Note that save() currently commits all outstanding changes, including still open, partially written files.

How does a FUSE consumer ask for fast-and-loose close() behavior? (arv-mount could accept a flag. Any other ways to switch on the fly? Per-collection?) When running in that mode, how does a FUSE consumer obtain a guarantee that all writes have been committed? (Presumably, crunch tasks will do this before setting state=Complete.)

I was thinking we could add some additional pseudo-files to the root of the Collection directory:

  • .arv-mount.commit_policy : One of "on_close", "async", "none". Read from the file to get the current setting, write to the file to change the setting.
  • .arv-mount.commit : Reading from this will immediately return "1" or "0" indicating whether it is currently synchronized. Writing a "1" to this will trigger a synchronization (if modified) and block until complete (returning an error code if there was an error.)

How does one get the new portable_data_hash of a collection after writing to it via FUSE mount?

There is the .arvados#collection pseudo-file that contains the most recent API response, including the portable_data_hash.

What do conflicted files look like, exactly? Perhaps a leading "." will make them less intrusive? Or should we go out of our way to make them ugly, like emacs autosave files? (Hope not.) Ending them with "~" would help many tools understand that they're just backup files.

This is definitely on the ugly side, but how about:

XYZ.txt becomes one of
  • XYZ.txt~conflict-2015-01-22-13:53:22~ to end with ~
  • XYZ~conflict-2015-01-22-13:53:22~.txt to preserve the file extension

Under which conditions does a conflicted file appear? E.g., while deleting a file I discover that someone else has modified it. In POSIX my delete would win. If I had written garbage to it just before deleting it, I would win (and get a conflicted file). So, should I win and get a conflicted file even if I didn't write garbage?

Yes, it would be more consistent for the local delete to result in the delete "winning" and the remote file becoming a conflict.

What is the recommended procedure for cleaning out conflicted files? Is there a way for a client to turn them off, or does a client just have to do an explicit clean-up step after each commit? (Some use cases will want to strip out the conflicted files as a matter of course. Portable_data_hash will be different for (otherwise) identical manifest content, depending on whether a conflicted file is present.)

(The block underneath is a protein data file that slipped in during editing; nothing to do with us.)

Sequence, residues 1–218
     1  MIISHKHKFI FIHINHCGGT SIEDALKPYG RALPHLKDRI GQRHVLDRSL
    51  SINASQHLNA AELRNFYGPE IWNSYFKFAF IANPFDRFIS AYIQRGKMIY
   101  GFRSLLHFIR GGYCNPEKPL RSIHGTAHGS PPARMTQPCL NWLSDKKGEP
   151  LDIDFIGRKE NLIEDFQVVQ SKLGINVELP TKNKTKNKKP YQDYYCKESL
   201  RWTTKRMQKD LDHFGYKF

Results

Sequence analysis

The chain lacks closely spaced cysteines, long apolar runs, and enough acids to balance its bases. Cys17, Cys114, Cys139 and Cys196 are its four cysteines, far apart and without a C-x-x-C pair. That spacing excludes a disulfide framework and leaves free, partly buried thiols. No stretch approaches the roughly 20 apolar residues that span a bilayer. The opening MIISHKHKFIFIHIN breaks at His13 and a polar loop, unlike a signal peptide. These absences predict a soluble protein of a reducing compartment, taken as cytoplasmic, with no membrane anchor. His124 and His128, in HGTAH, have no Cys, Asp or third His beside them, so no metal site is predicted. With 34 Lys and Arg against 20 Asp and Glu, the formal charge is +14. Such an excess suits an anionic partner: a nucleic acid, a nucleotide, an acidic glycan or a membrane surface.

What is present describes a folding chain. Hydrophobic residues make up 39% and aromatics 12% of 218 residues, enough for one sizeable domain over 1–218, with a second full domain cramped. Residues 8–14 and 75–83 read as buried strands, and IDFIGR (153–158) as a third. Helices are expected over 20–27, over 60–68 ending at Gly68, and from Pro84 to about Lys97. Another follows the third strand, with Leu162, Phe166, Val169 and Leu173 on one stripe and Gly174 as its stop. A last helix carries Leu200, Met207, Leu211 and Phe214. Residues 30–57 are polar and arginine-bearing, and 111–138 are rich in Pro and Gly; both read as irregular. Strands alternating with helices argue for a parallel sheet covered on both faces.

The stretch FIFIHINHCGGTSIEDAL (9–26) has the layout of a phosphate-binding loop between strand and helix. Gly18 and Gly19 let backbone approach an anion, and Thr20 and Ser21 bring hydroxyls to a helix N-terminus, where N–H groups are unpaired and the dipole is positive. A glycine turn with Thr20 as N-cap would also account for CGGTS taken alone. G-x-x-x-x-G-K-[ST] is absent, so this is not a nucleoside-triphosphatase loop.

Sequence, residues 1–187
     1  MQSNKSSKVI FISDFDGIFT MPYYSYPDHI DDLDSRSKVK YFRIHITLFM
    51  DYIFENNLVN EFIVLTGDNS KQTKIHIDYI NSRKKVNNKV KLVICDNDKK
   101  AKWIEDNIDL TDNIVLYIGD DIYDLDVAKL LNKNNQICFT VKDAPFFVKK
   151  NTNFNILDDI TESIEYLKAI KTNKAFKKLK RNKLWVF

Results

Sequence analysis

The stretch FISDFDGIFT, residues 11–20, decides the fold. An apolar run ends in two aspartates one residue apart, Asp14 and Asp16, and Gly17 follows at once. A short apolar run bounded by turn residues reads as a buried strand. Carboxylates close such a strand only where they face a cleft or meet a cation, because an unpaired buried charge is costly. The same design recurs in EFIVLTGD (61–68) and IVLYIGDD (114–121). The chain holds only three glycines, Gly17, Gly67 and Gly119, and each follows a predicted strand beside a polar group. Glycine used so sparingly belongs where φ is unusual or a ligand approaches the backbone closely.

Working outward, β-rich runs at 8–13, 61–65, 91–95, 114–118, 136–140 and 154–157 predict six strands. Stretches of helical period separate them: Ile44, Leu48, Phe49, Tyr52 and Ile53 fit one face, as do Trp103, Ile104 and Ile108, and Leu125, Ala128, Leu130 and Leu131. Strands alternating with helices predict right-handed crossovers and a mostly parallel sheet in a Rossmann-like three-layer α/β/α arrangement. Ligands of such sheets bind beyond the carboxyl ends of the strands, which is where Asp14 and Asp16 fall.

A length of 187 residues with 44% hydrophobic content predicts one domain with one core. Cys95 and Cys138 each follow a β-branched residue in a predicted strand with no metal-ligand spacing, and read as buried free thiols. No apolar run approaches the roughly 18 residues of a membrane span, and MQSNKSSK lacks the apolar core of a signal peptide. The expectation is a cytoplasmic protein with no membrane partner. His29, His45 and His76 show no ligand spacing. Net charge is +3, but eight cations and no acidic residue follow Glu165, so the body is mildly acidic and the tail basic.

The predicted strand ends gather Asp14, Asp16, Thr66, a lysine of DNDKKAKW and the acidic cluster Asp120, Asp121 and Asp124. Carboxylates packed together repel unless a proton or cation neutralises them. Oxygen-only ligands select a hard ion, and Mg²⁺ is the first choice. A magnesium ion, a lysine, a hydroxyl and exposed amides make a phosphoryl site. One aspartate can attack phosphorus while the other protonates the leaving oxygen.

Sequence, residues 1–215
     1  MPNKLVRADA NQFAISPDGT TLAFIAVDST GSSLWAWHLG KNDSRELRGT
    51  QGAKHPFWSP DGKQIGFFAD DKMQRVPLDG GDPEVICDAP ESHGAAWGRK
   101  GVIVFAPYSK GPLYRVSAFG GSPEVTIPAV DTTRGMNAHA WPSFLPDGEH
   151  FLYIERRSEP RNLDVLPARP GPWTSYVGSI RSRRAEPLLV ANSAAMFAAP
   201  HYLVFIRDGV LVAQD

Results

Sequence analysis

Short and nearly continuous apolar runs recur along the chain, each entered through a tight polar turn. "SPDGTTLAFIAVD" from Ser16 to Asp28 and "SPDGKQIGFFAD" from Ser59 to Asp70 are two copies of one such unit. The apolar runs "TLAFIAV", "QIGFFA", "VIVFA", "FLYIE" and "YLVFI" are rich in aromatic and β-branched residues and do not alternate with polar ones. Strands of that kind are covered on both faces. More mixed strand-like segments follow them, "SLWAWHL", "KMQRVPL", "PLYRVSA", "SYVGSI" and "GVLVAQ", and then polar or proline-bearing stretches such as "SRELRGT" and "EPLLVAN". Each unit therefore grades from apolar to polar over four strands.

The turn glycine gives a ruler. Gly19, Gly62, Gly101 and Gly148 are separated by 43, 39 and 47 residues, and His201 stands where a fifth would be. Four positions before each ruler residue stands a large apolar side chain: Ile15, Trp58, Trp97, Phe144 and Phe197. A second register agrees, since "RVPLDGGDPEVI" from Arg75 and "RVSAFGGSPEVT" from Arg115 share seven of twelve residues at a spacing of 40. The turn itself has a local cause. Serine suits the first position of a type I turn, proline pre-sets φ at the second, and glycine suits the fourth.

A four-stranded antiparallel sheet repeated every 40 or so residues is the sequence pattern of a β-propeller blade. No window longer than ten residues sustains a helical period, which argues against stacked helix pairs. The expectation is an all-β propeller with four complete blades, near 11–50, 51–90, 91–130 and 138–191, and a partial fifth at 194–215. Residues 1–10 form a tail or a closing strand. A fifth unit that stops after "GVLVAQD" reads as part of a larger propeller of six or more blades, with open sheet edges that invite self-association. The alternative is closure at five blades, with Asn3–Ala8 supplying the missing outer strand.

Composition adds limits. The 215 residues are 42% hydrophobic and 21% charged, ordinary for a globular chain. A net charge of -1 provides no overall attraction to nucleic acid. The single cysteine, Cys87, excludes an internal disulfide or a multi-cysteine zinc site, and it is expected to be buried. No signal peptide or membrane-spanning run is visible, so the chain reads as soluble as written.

We could add a conflict_policy flag (and a .arv-mount.conflict_policy pseudo-file?) of either "keep" or "discard".

I see the default policy as being intended as a safety net for people who are updating a collection manually and might be using multiple computers or collaborating with someone else. More sophisticated applications which write collections should either be avoiding conflicts entirely (only produce new collections, don't update existing ones) or be able to apply a custom merge policy (such as diff3 for text files).

#9 Updated by Tom Clegg over 4 years ago

Thoughts

Put all special magic files in a directory, .arvados or .arv-mount or whatever
  • This way you can "ls .arv-mount" to get the list of special magic files
Prefer not to end the conflict filename with the original file's extension. Like emacs backup files, foo.txt~, and rsync temp files, this avoids breaking programs that glob *.txt and expect to get only the "real" files, etc.
  • rsync: .ubuntu-14.04-desktop-amd64.iso.xw9PMu
  • emacs autosave via tramp: #_ascp_balcan_b_ahome_atom_asrc_aarvados_asdk_apython_aarvados_acollection.py# (such escape...)
  • normal backup file: foo.txt~
Select mode by using a different class (BufferedCollection, Collection, CollectionSnapshot)? By passing a mode argument to the constructor?
  • "mode" is probably not the greatest argument name, since it already means various other things (r/r+/w/w+/a/a+ or file permissions) in this context. Perhaps sync=Collection.TRANSACTION, Collection.SNAPSHOT, Collection.LIVE...?
It might be OK not to support Collection.LIVE fully in the SDK, initially. We could start by requiring the caller to push websocket updates into the collection object in order to stay up-to-date with remote updates. This would be convenient for arv-mount, and would just be a documented shortcoming (extra work for the caller) until we add automatic websocket updates to the SDK.
  • Perhaps this is Collection.LIVE_PUSH_ONLY vs. Collection.LIVE, and the latter throws "not implemented" until we implement it?

#10 Updated by Tom Clegg over 4 years ago

  • Status changed from New to In Progress

#11 Updated by Tom Clegg over 4 years ago

  • Target version changed from 2015-01-28 Sprint to 2015-02-18 sprint

#12 Updated by Tom Clegg over 4 years ago

  • Subject changed from [FUSE] Specify behavior for writable arv-mount to [FUSE] Design: pecify behavior for writable arv-mount
  • Story points changed from 1.0 to 0.5

#13 Updated by Tom Clegg over 4 years ago

  • Subject changed from [FUSE] Design: pecify behavior for writable arv-mount to [FUSE] Design: specify behavior for writable arv-mount

#14 Updated by Tom Clegg over 4 years ago

  • Status changed from In Progress to Resolved
  • Target version changed from 2015-02-18 sprint to 2015-01-28 Sprint